November 18, 2017

Latest:

Landscape Partnership seeks consultant to collate historic evidence -

Friday, November 17, 2017

8,000 new trees to be planted this year in Sheffield -

Friday, November 17, 2017

Stewart Milne Homes appoints new construction director to drive growth in Central Scotland -

Friday, November 17, 2017

Northern Design Awards – Barnes Walker reaches prestigious finals -

Friday, November 17, 2017

BALI National Landscape Awards 2017 is a sell-out event -

Thursday, November 16, 2017

Lee Bestall finalist in this year’s Northern Design Awards -

Thursday, November 16, 2017

Pro Landscaper’s Most Influential revealed -

Thursday, November 16, 2017

Funding boost for Bilston Urban Village ‘Garden City’ site -

Thursday, November 16, 2017

Landscape protection confirmed for Cornwall’s rare species -

Thursday, November 16, 2017

Minister for London welcomes £1.4 billion Croydon redevelopment -

Thursday, November 16, 2017

Green-tech launches new anchoring system at Futurescape 2017 -

Wednesday, November 15, 2017

Makita’s new factory service centre & training academy in Glasgow has a national role -

Wednesday, November 15, 2017

Lister Wilder Ltd announced as this year’s biggest UK ‘MOW-team’ -

Wednesday, November 15, 2017

Oman Botanic Garden revealed -

Wednesday, November 15, 2017

Capel Manor College wins key horticulture apprenticeship contract -

Wednesday, November 15, 2017

Time running out to effectively transpose EU Environmental Acquis into UK Law -

Tuesday, November 14, 2017

Save up to £2775 and 50% of the cost of a battery with Pellenc -

Tuesday, November 14, 2017

Civic Engineers awarded £1.8 million contract to help deliver Glasgow City Centre ‘Avenues’ project -

Tuesday, November 14, 2017

Luscombe Plant Hire double up on their GreenMech fleet to meet demand -

Tuesday, November 14, 2017

Major regeneration plans for town centre move forward -

Tuesday, November 14, 2017

Members approve changes to LI governance at 2017 AGM

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Four motions will improve flexibility and information sharing, and help to attract a wider variety of candidates to the role of LI president. Members of the Landscape Institute have voted in overwhelming support of four motions at this year’s annual general meeting (AGM).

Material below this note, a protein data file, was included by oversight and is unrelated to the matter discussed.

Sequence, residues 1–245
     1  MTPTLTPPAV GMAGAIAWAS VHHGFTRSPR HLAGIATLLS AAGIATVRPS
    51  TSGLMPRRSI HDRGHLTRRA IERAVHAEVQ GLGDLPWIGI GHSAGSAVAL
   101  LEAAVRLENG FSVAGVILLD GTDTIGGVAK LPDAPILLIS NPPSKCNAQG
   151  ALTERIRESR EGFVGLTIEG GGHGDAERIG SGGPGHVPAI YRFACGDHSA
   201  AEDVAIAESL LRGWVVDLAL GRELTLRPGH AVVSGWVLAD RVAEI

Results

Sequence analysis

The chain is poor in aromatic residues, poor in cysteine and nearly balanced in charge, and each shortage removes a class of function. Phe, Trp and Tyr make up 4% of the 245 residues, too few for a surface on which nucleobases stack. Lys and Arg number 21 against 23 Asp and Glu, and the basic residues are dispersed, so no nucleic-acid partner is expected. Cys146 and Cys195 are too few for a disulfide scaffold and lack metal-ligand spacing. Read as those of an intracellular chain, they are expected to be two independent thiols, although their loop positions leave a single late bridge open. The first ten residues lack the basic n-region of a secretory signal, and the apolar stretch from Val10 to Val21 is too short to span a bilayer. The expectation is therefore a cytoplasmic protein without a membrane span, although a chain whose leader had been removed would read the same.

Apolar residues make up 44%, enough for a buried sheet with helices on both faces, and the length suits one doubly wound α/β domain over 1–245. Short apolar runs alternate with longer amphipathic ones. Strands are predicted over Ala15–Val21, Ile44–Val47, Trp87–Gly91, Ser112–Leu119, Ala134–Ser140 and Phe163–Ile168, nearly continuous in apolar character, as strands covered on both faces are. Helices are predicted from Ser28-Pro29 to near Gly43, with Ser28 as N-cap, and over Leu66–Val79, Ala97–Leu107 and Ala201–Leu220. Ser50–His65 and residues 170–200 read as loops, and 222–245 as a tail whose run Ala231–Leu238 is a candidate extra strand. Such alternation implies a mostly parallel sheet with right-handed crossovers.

Voters agreed to carry the following motions:

  • To allow the Institute to pay a president’s stipend (passed with 436 votes to 77)
  • To allow increased flexibility in the timing of the election and nomination process (passed with 506 votes to 17)
  • To increase the maximum number of terms of office for trustees and Advisory Council members from two to three (passed with 493 votes to 34)
  • To change the required minimum number of annual Board meetings from six to four (passed with 454 votes to 70)

The Board posited all four motions in response to discussion with and feedback from members, in order to make LI governance more flexible and transparent, and to help attract a more diverse range of candidates to the role of president. Current estimates are that presidency of the LI requires a time commitment of at least two days per week; the stipend will ensure that any candidate can put themselves forward, even if they are in full-time work and would otherwise stand to lose income.

Motion 3, meanwhile, makes a welcome change to the length of time for which trustees can sit on the Board. Previously capped at two consecutive terms of two years, this timeframe saw a rapid turnover of senior members. Members are confident that increasing the maximum term to six years will help the LI benefit more from its trustees’ experience, and also stagger the departure of Board members to ensure more consistent oversight.

Motion 2 will amend LI governance to make election timing more flexible to account for public holidays and other seasonal factors, while motion 4 aligns the meeting calendar of the Board of Trustees more closely with Council and standing committee meetings.

Nine out of ten members vote using new online system

This was the first year that the LI trialled a new system of online voting, which enabled members to engage even if they could not attend the AGM in person.

Approximately 90% of the votes cast were done so digitally, and many members who voted online expressed their satisfaction with the ease and simplicity of the system. Based on this resounding indicator of success, the LI will continue to use this digital platform in future years, ensuring that all members can have a say in how their Institute is run.

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